Thanks for your words Bob. Given the dearth of replies, it seems the issue I reported is indeed uncommon for this drive. Nonetheless, I’m certain to stick with my ailing 20A4P, through thick and thin – or at least until the tray mechanism breaks from the human-assisted ejection method described in the first post. Who knows…maybe one day the drive will decide to auto-correct.:smiley:

I’ve opened up drives before (an NEC 3550) and cannot resist the temptation to open this drive for a peek. Is there anything in particular I should inspect? - anything that might be contributing to the constant, yet haphazard, disc jamming? I’m not too hopeful, but perhaps something can be done. I’m still baffled by the behavior of this drive: for three weeks it works fine, then one day unrelenting disc jams. Fortunately, it still burns and scans fine.

Only thing i can think of is, do you push the tray in when closing or use the eject button? I always use the eject button.

Gently nudging the tray instead of the eject button is would not normally cause such behavior upon ejecting. The A1 series in particular has seen a wider degree of variation between one drive and another in relation to the force at which the tray is ejected. It would be reasonable to believe the A4 series would also share this attribute, although hopefully with lesser variation as it is supposed to be more mature than the A1.

The drive’s firmware is partially responsible for the way the tray is ejected, and is specifically intended to slow down before it reaches the tray’s limit. I wouldn’t rule out that there could be something else the matter with the drive (hardware?) if it started doing that suddenly.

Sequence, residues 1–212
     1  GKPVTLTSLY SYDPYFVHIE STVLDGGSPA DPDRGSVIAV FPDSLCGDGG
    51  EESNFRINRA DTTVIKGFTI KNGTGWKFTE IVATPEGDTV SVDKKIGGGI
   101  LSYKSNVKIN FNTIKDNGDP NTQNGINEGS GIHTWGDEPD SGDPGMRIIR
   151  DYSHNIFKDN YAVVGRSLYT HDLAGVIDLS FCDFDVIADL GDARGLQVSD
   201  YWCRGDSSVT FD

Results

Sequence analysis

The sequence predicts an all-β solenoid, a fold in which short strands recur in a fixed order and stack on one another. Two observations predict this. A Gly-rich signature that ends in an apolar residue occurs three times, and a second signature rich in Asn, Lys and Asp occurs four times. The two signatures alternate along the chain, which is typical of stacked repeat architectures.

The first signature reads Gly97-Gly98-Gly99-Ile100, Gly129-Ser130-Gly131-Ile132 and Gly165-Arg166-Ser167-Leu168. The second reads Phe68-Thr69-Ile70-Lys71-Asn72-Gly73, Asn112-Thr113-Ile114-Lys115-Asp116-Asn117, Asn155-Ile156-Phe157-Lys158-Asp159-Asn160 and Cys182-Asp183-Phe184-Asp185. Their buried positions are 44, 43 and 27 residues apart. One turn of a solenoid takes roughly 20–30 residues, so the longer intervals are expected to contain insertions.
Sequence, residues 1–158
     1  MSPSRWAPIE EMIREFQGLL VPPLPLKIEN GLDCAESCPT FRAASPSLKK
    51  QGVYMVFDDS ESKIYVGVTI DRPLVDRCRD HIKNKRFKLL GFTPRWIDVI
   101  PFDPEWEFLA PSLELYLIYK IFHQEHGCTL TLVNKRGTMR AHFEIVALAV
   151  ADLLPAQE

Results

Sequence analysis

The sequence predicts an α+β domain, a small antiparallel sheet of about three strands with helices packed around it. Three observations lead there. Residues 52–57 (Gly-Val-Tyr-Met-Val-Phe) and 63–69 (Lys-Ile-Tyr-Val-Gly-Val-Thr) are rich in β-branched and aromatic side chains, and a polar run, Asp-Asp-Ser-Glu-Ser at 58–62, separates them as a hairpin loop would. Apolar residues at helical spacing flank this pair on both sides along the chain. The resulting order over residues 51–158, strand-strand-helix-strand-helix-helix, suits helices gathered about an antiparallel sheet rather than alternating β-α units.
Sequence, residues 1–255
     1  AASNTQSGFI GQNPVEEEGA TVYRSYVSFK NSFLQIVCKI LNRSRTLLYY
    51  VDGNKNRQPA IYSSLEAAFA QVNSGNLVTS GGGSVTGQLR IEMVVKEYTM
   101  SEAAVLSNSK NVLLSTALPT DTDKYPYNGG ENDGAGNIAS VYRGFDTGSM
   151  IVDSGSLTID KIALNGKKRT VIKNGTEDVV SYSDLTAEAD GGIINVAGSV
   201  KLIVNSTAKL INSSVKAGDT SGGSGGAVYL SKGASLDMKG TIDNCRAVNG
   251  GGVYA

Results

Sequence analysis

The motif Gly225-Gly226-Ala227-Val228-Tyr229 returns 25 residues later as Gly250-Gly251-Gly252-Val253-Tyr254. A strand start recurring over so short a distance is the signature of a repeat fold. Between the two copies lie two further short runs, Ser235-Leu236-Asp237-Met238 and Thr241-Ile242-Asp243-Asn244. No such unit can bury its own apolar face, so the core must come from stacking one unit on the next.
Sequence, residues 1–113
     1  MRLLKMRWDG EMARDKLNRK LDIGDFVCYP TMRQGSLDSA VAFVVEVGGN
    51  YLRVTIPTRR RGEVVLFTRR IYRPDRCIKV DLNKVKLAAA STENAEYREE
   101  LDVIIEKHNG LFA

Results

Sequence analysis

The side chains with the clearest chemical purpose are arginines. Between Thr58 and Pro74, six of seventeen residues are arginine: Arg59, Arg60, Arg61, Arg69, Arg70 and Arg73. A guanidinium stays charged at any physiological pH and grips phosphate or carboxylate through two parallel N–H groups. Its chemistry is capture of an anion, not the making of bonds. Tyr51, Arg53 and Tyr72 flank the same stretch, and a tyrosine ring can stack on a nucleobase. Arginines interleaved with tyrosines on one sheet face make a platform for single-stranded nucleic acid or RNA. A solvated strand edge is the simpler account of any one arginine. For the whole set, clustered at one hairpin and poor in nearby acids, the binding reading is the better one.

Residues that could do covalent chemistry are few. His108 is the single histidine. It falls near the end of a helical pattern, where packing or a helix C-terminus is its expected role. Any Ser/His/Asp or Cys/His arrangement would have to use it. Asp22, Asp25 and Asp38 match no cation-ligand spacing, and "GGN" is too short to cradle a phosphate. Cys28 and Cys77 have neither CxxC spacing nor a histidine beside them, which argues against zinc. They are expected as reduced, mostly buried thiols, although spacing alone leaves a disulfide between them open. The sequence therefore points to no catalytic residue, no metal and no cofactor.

Bob – Eject button only for me. I’ve seen enough drives with loosened, or slightly drooping, trays to hold off from pushing in the tray by hand. However, I’m sure those members with a soft touch can get away with pushing the tray in by hand without jeopardizing a drive’s delicate plastic pieces.

Superhero – I have no familiarity with the A1 series so thanks for your comments. I’ll try some different firmware variations (e.g. C0deKing’s, older stock, and the original back-up) to see if it has any bearing on the symptom. All other hardware seems fine; there are no clicks, buzzes, or any other kind of strange happenings to report.

If I stumble across anything that restores the drive’s tray functionality, I’ll certainly report back here. Otherwise, I’ll just continue to soften the initial tray burst with my hand, which seems to work every time (even on days when I’m less coordinated).

Thanks again for all the comments,

[QUOTE=superhero;2026097]The drive’s firmware is partially responsible for the way the tray is ejected, and is specifically intended to slow down before it reaches the tray’s limit. I wouldn’t rule out that there could be something else the matter with the drive (hardware?) if it started doing that suddenly.

AFAIK the firmware has nothing to do with the way the tray opens or closes, at least all of the drives I’ve had the pleasure to open up worked by a momentary SPDT switch operated by the tray mechanism.
AFAIK they’ve always worked like that and I can’t think of a reason why they would change it…well to make drives more expensive:cop:

My DH-20A4P is pretty much brand new (no burns, only 10 orso scans) otherwise I would’ve opened it up to see what can be done (I might have a look pretty soon:p).

Right now I can think of 1 possible solution but it requires soldering, and it’s probably not an easy task for some one w/o soldering skills.

Yes, the A1 series also uses such a switch. Presumably, when the switch is thrown the firmware slows down the motor for the last millimeters of the eject.

A certain application of this drive requires a consistent eject distance, and minor adjustments to the firmware were needed to alter this behavior. This was not present in earlier models, such as the 6S series.